If you are a student in Communications or PR at a Big Ten school, you might want consider transfer, because its member schools have recently tended to write colorful Harvard Business school case studies to illustrate exactly how horribly PR crises can be handled. And, now that we’re some 8 years post-Jim Tressel scandal, I’m embarrassed, but also dismayed, to here state that, among those schools which have had serious PR crises — PSU, OSU, MSU, Rutgers, and Maryland –Penn State has done it best. Yes, Penn State. Not that they’ve done it well; just the best of a bad lot. And, now that I think of it, that list of five schools should be expanded to six, because we need to add Ohio State in twice (Tressel scandal in 2010 – ’11; then again with Meyer in ’18)
Each of these schools have violated the PR’s Cardinal Rule #1, which is ‘do not, under any circumstances, let a story get ‘legs.’ If the story becomes a story which repeatedly, over days or months, pops up on our screens, then you have failed.
It’s actually too early to decide who has recently won this race to the bottom: both Maryland and OSU are sprinting to get more deeply buried in the muck. Maryland has still not gotten a report from the second investigative team it has hired (after they hired a completely put-up-job guy from some safety backwater.) But OSU is still a contender in this upside-down race, having gotten a slick, high-brow report from former SEC figurehead, enforcement-lackey Mary Jo White, who had, apparently, one too many meetings with the OSU Board’s subcommittee, and bought into their need to bury facts and cover tracks.
Short sum: White struck out, because she can’t count to nine. She decided that, even though Urban Meyer repeated the same lie (that he hadn’t known of Z. Smith’s ’15 transgressions) nine times, those Meyer lies could, according to White, only have been inadvertent. White once again proves: the higher your education and prestige, the goofier the conclusions you can deliver to a credulous public.
White also struck out because she was unable to conclude that both AD Smith and Meyer had violated explicit provisions in their contracts of employment, which had mandated that they report all instances of domestic violence concerning their employees — whether or not those instances involved arrest or report to the police. Neither performed according to contract. But Mary Jo, like some breathless candidate for OSU Homecoming Queen, certainly could not have been bothered to emphasize such simple notions of employee contract duty, which might have affected her candidacy for the crown she so avidly coveted.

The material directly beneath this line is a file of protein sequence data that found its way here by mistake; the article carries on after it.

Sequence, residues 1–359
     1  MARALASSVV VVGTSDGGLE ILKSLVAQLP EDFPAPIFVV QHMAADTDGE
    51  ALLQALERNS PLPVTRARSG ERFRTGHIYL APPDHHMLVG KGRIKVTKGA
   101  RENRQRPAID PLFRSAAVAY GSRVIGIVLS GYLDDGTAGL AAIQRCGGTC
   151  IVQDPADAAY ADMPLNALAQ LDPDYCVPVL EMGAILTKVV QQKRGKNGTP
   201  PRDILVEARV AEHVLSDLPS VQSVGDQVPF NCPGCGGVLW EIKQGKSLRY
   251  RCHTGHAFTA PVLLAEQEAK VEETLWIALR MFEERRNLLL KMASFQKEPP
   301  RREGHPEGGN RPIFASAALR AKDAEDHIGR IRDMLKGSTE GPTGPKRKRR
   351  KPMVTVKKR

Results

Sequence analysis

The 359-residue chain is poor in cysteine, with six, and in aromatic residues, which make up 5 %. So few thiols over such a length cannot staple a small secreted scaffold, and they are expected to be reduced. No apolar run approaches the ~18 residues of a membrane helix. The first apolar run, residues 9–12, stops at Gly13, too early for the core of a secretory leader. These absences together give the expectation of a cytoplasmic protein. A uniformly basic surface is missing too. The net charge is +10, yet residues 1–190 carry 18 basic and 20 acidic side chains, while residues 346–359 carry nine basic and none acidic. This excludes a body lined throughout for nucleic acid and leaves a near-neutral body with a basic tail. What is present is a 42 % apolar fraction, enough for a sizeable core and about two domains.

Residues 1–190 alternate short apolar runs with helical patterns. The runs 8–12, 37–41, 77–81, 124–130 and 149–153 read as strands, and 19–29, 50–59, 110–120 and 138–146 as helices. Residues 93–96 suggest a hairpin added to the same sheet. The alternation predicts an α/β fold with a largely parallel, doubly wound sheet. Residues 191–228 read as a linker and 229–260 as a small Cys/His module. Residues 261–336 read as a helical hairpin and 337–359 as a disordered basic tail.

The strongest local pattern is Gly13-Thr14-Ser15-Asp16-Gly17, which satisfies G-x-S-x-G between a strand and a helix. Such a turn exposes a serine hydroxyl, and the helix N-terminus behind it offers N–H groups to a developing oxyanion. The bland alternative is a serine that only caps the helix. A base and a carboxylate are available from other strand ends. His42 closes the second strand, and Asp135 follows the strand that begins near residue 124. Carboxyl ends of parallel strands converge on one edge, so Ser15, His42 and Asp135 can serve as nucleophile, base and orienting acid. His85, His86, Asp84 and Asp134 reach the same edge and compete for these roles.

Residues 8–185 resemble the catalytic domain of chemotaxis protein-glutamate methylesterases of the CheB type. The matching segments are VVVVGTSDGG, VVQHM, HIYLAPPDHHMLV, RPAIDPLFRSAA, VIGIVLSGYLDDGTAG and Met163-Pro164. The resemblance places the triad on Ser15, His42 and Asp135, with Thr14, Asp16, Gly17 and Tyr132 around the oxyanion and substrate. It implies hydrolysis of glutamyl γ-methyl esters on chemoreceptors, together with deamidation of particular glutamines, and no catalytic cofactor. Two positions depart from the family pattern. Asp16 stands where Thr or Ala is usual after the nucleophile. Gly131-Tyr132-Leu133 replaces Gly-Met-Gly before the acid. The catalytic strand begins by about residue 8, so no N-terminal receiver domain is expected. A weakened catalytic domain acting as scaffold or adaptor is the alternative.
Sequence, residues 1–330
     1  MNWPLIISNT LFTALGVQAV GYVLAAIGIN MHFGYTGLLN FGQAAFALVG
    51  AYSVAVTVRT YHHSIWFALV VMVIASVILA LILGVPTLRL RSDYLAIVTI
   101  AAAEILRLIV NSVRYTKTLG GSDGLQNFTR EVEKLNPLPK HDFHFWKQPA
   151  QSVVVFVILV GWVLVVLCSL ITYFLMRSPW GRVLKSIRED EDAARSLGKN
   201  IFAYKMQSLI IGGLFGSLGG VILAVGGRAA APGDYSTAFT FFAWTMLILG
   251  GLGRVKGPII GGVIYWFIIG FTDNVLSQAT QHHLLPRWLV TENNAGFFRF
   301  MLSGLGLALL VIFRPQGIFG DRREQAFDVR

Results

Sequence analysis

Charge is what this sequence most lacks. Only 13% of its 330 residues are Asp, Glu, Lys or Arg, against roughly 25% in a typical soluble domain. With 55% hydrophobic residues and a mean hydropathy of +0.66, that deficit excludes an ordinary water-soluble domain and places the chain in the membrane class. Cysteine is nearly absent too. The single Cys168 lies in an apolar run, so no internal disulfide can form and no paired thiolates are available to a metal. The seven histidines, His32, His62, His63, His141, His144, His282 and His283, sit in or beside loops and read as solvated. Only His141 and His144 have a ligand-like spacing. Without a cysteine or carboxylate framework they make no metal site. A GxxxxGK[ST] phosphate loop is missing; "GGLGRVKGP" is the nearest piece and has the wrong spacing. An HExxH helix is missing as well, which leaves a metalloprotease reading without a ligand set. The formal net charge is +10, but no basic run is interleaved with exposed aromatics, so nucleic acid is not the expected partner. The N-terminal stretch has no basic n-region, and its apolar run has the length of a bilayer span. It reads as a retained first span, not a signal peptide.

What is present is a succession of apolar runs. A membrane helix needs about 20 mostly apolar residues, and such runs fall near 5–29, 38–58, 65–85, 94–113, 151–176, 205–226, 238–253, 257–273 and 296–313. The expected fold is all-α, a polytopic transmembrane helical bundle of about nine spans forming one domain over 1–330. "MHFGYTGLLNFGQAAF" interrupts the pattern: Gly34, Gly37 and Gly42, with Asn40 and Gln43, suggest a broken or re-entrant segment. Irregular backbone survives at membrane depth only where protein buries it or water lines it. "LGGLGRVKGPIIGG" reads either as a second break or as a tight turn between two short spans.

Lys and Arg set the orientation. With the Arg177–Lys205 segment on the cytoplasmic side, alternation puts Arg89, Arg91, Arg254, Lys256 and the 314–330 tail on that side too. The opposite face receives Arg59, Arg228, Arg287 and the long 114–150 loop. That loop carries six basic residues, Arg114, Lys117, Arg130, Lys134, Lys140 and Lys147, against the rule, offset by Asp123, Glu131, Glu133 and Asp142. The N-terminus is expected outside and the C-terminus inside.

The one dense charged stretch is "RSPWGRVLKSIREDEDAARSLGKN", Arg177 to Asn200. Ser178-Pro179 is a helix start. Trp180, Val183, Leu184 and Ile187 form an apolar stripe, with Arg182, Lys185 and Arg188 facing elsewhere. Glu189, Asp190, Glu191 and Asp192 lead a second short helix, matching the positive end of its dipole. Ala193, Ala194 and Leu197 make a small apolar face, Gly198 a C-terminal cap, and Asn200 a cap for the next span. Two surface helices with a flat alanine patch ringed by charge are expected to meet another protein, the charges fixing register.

And then she came up with the great cover: Urban Meyer did not intend to lie to us all, nine times. From whence did she divine this highly subjective notion? It is not at all clear, because there are no empirical facts to support that conclusion. But if you are a former SEC head, who presided over that body’s ready willingness to endorse any sort of corporate excuse, it is quite easy to entertain this sort of resolution of what are red-line contractual violations by Urban Meyer.
White’s failure here has two ramifications: 1) on a matter of such major import, any other employee would have been immediately fired; 2) this is AD Gene Smith’s second time traveling down this ‘failure to report’ terrain. He’d masterminded the last one, and screwed it up to a fare-thee-well. Jim Tressel’s long deceit was Gene Smith’s; when Smith got the mid-December 2010 letter from the U.S. attorney, he failed to review Tressel’s emails. It was only a month later, when some members of the athletic department staff independently happened to be engaged in reviewing other documents, that they discovered that Tressel had scammed and boldly lied-to millions of people for months.
But here’s the central point: Smith never inadvertently screwed up, either in ’10 or ’18. Meyer didn’t unintentionally lie. They both acted with precision, to bury facts and cover tracks. Meyer knew he was lying to the press. (Text the night before: “I won’t tell the media.) Smith and Meyer applied what has been the The De Facto Rule of the Gene Smith Administration: what has a low likelihood of later being found out can, and must, be buried. Bury the facts, and cover the tracks.
But more will be found out. Gene Smith’s emails were never searched by Mary Jo White, even though his state of knowledge was a central issue, just as it had been with the Tressel scandal. And Mary Jo White threw up her hands and, apparently, decided — contrary to all current wisdom — that she could not, or would not, track down the emails deleted by Urban Meyer, or search the long Gene White email-trail. White did not want to know: she wanted to bury the facts, and cover the tracks.
But more is coming. I know of FOIA requests to get Gene Smith’s long email trail. It will come out. And Meyer’s sudden delete of all emails, on July 31, 2018, made disappear all emails which were older than a year, but anyone who has dealt with serious matters knows that such deletions are mere road-bump, on the forensic road to discover pertinent facts. Meyer’s text will surface. And Mary Jo just might not be an OSU Homecoming Queen, after they do. Until then, Gene Smith: bury the facts, and cover the tracks.